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By Ilene Little
To the nature lover, nature displayed a trifecta of seaside surprises last week. While on a whale-watching cruise we saw whales, swam with baby sharks and explored the ocean floor for treasures during a supermoon low tide.
Mogo Mogo is one of the Pearl Islands near Contadora where we went for whale watching. There is nothing more exciting than seeing the broad back of an enormous humpback surface close to your boat, except for what happened next – swimming with baby sharks.
Dozens of baby black-tip sharks were in the surf a meter from the shore. They all appeared to measure between two and two and a half feet long and swam in a shiver as they darted all around us at the shoreline in knee-high water. Soon the bravest among us were snapping underwater pictures hoping to capture the experience on film.
At the Pearl Islands, a whale watching excursion leads to exciting and unexpected adventures
The supermoon topped off the list of weekend adventures. Because of the extreme low tides, we were able to walk or wade from shore to islands that, any other time of year, are accessible only by boat or by swimming a distance in the open ocean for a mile or more.
Walking the exposed ocean floor was like walking on the moon. With mask and snorkel fins in hand, tourists and island residents alike were seen combing the exposed landscape at low tide for the treasure of new sights and experiences.
Weekends like that tend to peak your interest in finding out more about what you saw, for example, why the tides were so low, and why baby sharks were congregating in schools so close to shore. Here is what I found out:
“Supermoon” is a term coined by astronomers indicating new moons or full moons closely coinciding with the moon’s closest point to Earth in its orbit. The effect of a supermoon is larger-than-usual tides.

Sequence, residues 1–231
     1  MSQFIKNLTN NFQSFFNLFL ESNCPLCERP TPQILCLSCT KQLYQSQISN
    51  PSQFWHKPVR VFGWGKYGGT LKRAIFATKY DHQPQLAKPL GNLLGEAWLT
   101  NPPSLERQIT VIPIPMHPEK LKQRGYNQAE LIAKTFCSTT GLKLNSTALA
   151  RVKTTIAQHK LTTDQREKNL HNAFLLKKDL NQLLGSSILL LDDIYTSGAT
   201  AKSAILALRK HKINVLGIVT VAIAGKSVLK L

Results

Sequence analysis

According to Bruce McClure and Deborah Byrd of Earthsky.org, we will experience a total of five supermoons in 2014. These are the two new moons of January, and the full moons of July, August and September. Panama’s next supermoon will occur on August 10, 2014 at 18:09 UTC, and September 9 at 1:38 UTC. The August 10th full moon will be the closest supermoon of the year (356,896 kilometers or 221,766 miles).
Baby black tip sharks
Young black tip sharks spend the first months of their lives in shallow nurseries. The mother sharks will return to the nurseries where they were born to give birth, areas like lagoons and estuaries. What we witnessed indicates Isla Mogo Mogo is a birthing destination and shark nursery location of at least one or more genetically distinct breeding stock of black tip sharks.
We were fortunate enough to swim with the babies who were just venturing out of their birthing areas but still staying close to shore, an exercise that prepares them to venture further out away from the nursery. The young remain in the nurseries until their first fall, at which time they migrate to their wintering grounds.